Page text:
The Judas Passion
Can the ultimate betrayal ever be forgiven?
All Words for Forgiveness Responses to the theme of forgiveness by students and teachers.
All words for forgiveness
Earlier in the year we invited schools to participate in a creative writing competition inspired by The Judas Passion. We asked pupils and teachers to submit new writing on the theme of forgiveness in any form and received many wonderful entries from across the country. We are delighted to present our winners on the following pages of this programme. First prize was awarded to Aoife Soni, Year 9 pupil at Headington School for the poem Black Standard. Second prize was awarded to Becky McNutt, Year 12 pupil at Abbey Grange Academy for her poem Eve.
First prize pupil entry
Aoife Soni, Headington School
‘There is no God but Allah. Muhammad is the messenger of Allah’ Like a heart it pulsated With startling vitality The white stamp undulating in the waning breeze Such meaning and overwhelming power In the small piece of cloth I will never understand And it’s maddening The ersatz glory Which means so much and has cost so many And it’s rallying cry Rouses love Or fear to dominate men Forgive me God I know I have sinned Blood drips off my palms And stains the underside of my nails I beg You – make it stop And yet I know I do not deserve Your mercy And the faceless graves Are now planted in the earth No more than names on stone But I did it for You All I hear Is the spectral silence of shattered souls – A haunted symphony Composed by none other Than myself
Only then did I realise You had no part in this It was not you who held the baton And at my hands Faith turned to carnage Love to destruction Lord I am sorry And I cannot forgive myself. Each day I stare at the pallid sky Surrounded by imprisoned air And imprisoned light And Them how could They ever forgive me Their cold bodies Motionless under Piled heaps of mud Frigid countenances staring into my soul I let its riveting nature compel me To the apocalyptic frame The affiliated movement The compulsive insurgency And I let it Consume me Like a heart it pulsated With startling vitality The white stamp undulating in the waning breeze Such meaning and overwhelming power In the small piece of cloth I will never understand And now I lie Free from my veil of delusion Hatred And love Please, God, *Forgive me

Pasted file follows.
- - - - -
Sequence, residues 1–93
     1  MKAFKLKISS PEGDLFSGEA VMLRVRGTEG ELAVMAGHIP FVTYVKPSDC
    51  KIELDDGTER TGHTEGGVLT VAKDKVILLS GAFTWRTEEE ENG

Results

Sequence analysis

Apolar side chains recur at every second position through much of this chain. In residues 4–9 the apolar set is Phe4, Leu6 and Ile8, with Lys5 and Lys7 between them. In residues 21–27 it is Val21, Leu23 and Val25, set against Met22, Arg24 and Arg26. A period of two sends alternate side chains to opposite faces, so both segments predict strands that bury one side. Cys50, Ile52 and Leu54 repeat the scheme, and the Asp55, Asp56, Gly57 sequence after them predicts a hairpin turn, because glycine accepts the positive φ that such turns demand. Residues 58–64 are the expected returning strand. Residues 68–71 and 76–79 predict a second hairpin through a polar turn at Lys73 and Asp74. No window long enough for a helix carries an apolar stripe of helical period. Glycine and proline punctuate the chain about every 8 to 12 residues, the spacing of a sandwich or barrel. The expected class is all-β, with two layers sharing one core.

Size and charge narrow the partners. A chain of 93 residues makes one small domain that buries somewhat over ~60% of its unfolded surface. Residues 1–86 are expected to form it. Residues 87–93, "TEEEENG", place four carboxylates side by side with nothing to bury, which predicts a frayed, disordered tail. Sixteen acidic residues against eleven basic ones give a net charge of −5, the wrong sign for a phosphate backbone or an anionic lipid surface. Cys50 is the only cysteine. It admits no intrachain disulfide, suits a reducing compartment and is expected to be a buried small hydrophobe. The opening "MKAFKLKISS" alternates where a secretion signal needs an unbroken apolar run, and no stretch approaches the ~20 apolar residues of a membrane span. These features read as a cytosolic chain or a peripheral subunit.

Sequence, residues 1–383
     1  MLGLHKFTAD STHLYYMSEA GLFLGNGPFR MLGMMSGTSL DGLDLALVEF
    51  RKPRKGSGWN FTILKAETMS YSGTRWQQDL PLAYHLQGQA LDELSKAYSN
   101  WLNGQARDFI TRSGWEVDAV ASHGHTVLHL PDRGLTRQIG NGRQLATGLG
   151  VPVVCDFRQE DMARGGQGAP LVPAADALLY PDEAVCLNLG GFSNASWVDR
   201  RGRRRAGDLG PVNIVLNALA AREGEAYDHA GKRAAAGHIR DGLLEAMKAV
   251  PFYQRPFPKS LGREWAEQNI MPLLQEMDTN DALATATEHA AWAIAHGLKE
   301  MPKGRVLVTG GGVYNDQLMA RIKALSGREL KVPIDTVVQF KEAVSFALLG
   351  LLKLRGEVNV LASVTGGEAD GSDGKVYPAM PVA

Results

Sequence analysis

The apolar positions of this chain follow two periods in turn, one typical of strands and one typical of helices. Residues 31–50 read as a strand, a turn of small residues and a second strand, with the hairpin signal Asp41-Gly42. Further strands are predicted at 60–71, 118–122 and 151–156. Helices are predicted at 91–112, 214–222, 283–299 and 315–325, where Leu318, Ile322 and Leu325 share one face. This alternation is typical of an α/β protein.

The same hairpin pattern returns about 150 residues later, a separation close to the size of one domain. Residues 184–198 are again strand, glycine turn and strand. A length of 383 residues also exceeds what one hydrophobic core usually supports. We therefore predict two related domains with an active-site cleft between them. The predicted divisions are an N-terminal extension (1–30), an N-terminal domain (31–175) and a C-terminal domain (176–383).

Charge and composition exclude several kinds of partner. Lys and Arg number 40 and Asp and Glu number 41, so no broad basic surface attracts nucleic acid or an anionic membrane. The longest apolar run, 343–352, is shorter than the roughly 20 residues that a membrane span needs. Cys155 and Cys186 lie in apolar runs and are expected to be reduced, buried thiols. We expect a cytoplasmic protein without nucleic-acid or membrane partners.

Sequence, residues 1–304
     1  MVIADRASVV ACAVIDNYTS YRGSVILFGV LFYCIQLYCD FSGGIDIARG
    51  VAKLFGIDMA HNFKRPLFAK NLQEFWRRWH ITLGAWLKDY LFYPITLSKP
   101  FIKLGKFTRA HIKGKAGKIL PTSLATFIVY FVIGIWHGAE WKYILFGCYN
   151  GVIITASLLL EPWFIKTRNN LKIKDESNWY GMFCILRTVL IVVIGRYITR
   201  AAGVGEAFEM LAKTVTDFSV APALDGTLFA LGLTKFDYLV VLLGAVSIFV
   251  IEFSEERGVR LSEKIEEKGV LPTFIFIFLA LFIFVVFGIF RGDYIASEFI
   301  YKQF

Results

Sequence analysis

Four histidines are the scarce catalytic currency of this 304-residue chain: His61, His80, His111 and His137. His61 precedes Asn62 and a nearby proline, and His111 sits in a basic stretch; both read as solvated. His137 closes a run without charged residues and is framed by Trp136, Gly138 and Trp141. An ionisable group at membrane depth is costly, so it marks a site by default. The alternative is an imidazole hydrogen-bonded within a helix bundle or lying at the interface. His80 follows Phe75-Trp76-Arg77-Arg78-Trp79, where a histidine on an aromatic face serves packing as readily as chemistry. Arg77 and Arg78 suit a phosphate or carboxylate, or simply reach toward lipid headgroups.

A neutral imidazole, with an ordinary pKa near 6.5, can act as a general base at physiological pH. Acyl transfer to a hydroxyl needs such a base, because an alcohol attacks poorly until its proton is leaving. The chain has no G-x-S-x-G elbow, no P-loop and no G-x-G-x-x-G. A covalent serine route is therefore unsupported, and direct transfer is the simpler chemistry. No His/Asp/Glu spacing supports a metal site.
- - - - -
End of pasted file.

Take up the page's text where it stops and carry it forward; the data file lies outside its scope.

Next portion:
Second prize pupil entry
Becky McNutt, Abbey Grange Academy
In the beginning was Darkness An artless harshness of black matter A sin splatter Suspending the nothing before the light ‘Let there be light’ he said And I caught alight The whiteness fighting the sinful spite Of unknowing The brightness was growing Was glowing A match sparked a flame, gave a name And I breathed ‘Eve’, He called me, ‘the earth is your child’ So I cradled the land and the oceans My gentlest motions gave courage to currents to flow To strong winds to blow, sky to snow I whispered sweet songs and taught flowers to grow And the earth was their haven The pride of my children was man The lamb whose mind could create the wildest contraptions, Inventions, reactions A prodigy placed in my arms And I nurtured his mind with new mysteries and charms And showed benefaction But years passed and he grew in a different way More his own every day So obsessed with his human endeavour His cleverness severed the cord Disarray
His buildings spewed poisonous clouds And the heat from his houses, it burned me His arrogance spurned me I begged him to stop but his hate overturned me He drilled through my body I begged for somebody to help But he strangled my throat till I choked Silence The pain of his malice, it turned me I shifted and oceans crashed down on his towns And his peoples I flattened his churches, his shrines and his steeples What makes him deserve this? I cannot reverse this In the beginning was Darkness An artless harshness of black matter A sin splatter And now darkness covers the Eve again
Winning teacher entry
‘I’m Sorry, Carole Smith’